While NASCAR was building a lot of new tracks in different areas of America, they saw the opportunity of having six-figure numbers of people show up at big circuits. As a result, big and long was the way to go. Besides, officials were pushing to make this competition more civilized around that time. Teams and sponsors didn't want beating and banging hot-heated guys out there. Instead, they opted for talented athletes making clean passes with skill rather than muscle.

Racing at these new tracks was mediocre at best most of the time. Cars were getting too far apart for any action to occur, and as cars became more aerodynamically dependent thanks to new technological advances, it only worsened the problem. During this time, no short tracks were built as they were seen as relics from the past, and everyone wanted the new super speedways that were some of the largest sporting venues ever made in history. As a "fun" fact, the last time a brand new short circuit was added to the official schedule was all the way back in 1970 when the Albany-Saratoga Speedway hosted two races.

Since then, we have been chipping away at these types of circuits. From 1972 to 1984, there were five short tracks on the schedule. In a funny way, the other two additional places are right next to the other three we were talking about earlier. Furthermore, the only two possible candidates for new short tracks being added to the competition's schedule are Nashville and North Wilkesboro, which have just been greenlighted for big renovations.

The prices going up didn't make things any better. If you think about it, NASCAR has always relied on a thriving middle class to show up to races. For most people, the cost of going to two or three races a year was doable. But that was back in the 90s. Nowadays, a ticket's price is too much for ordinary people, and it's just not worth it. However, these things are more about politics and the disappearing of specific jobs for the middle class and so on. We won't get into that, but it's a fact that attendance is down in every major sport in the United States because the prices are too high.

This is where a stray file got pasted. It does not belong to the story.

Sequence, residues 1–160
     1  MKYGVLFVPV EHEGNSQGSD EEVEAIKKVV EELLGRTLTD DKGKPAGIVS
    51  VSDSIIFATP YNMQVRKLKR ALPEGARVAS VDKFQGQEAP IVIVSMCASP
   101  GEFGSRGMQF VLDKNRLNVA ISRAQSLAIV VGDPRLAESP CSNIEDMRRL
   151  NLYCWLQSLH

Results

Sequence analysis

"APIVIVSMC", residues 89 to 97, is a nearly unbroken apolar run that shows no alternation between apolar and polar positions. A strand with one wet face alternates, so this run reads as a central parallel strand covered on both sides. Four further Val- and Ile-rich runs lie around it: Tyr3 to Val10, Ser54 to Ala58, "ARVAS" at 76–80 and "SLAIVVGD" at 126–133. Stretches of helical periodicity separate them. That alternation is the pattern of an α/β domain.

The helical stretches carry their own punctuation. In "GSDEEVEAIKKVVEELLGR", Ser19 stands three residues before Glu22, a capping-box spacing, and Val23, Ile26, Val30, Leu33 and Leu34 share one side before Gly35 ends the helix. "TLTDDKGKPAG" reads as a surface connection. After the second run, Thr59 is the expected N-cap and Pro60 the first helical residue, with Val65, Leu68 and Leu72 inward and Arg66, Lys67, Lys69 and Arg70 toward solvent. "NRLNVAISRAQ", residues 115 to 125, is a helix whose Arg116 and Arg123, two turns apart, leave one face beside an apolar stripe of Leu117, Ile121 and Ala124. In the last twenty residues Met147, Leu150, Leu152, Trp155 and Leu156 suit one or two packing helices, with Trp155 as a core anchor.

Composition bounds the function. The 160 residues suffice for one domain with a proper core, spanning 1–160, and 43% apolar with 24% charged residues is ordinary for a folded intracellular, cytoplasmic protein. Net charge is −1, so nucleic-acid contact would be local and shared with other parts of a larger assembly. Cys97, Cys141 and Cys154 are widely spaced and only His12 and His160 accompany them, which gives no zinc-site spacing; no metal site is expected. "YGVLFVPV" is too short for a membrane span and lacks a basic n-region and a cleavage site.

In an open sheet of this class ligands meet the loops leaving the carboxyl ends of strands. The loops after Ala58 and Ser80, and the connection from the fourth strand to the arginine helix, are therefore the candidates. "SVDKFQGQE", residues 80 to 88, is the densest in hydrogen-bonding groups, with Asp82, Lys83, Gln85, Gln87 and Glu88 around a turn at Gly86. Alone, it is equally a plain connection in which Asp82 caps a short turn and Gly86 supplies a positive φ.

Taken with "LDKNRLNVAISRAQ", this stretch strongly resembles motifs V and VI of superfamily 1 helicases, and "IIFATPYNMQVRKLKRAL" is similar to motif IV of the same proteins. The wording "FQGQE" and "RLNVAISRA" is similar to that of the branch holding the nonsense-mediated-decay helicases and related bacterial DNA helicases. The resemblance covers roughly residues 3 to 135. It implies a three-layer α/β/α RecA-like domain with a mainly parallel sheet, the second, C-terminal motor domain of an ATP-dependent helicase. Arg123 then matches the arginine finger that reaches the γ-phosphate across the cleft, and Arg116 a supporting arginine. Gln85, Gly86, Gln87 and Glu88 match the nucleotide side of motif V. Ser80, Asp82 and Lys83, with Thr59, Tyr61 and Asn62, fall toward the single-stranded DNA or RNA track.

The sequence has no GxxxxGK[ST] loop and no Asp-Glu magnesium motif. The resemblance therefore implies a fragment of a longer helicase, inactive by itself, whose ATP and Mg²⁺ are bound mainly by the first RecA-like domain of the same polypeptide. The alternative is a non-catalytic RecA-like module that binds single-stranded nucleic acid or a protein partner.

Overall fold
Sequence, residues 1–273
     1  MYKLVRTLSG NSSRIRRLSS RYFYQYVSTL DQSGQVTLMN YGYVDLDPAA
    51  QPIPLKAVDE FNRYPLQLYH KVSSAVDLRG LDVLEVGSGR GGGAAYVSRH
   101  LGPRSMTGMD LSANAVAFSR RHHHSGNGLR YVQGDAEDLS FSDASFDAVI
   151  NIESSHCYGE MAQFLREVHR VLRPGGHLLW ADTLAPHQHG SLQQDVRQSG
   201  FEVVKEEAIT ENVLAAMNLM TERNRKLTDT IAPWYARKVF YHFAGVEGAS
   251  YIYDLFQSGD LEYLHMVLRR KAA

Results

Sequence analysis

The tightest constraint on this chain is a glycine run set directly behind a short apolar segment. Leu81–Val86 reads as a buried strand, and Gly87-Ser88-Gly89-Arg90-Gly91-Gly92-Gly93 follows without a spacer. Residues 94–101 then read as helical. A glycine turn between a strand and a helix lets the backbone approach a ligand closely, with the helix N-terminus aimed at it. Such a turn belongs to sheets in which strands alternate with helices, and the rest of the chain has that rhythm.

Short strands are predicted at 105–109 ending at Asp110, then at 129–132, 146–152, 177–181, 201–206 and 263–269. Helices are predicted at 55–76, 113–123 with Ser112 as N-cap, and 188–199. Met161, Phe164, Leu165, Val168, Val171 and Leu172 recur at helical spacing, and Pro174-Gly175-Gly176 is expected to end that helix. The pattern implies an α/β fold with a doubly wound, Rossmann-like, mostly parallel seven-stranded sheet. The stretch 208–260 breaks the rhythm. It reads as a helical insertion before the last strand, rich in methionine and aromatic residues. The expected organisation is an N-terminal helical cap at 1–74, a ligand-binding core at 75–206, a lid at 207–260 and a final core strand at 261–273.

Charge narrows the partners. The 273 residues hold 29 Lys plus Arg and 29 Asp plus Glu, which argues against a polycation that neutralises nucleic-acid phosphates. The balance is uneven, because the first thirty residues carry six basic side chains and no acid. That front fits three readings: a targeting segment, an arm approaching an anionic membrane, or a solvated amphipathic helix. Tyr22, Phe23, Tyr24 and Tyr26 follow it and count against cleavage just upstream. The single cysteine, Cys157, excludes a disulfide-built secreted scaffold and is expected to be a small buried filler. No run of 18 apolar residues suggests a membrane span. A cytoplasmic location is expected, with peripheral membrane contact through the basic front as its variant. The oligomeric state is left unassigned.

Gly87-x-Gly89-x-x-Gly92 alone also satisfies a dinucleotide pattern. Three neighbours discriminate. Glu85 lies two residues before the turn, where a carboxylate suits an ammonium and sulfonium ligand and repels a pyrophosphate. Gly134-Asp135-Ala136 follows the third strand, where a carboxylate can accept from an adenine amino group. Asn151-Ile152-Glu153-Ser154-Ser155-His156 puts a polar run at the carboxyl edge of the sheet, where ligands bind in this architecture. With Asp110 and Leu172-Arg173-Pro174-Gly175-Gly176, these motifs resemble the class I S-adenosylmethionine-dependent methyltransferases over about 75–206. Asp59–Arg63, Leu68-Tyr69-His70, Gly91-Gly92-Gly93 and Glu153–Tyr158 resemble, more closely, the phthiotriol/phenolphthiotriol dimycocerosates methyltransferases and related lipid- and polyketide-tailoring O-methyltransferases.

NASCAR problems with the short tracksNASCAR problems with the short tracks
In addition, when NASCAR built all those new tracks in big markets back in the 1990s, it was because they saw the writing on the wall. People were moving to big and important cities, where they could profit from certain opportunities. NASCAR wagered that those people would keep coming to races, but as we see now, they were wrong. The competition just doesn't appeal to the metropolitan because its heart and soul are in the small towns. For example, almost all the drivers from the previous generation came from very humble beginnings, representing ordinary people doing some very unordinary things.

This season, NASCAR held the Busch Clash at a temporary short track constructed inside LA Coliseum. The race received some excellent reviews and looks to host the event again in 2023. Maybe stadium races are the answer for the future.

With the geographical and economic problems that short tracks in the NASCAR Series Cup are facing, it's tough to find a solution, and these types of circuits might go extinct in the near future.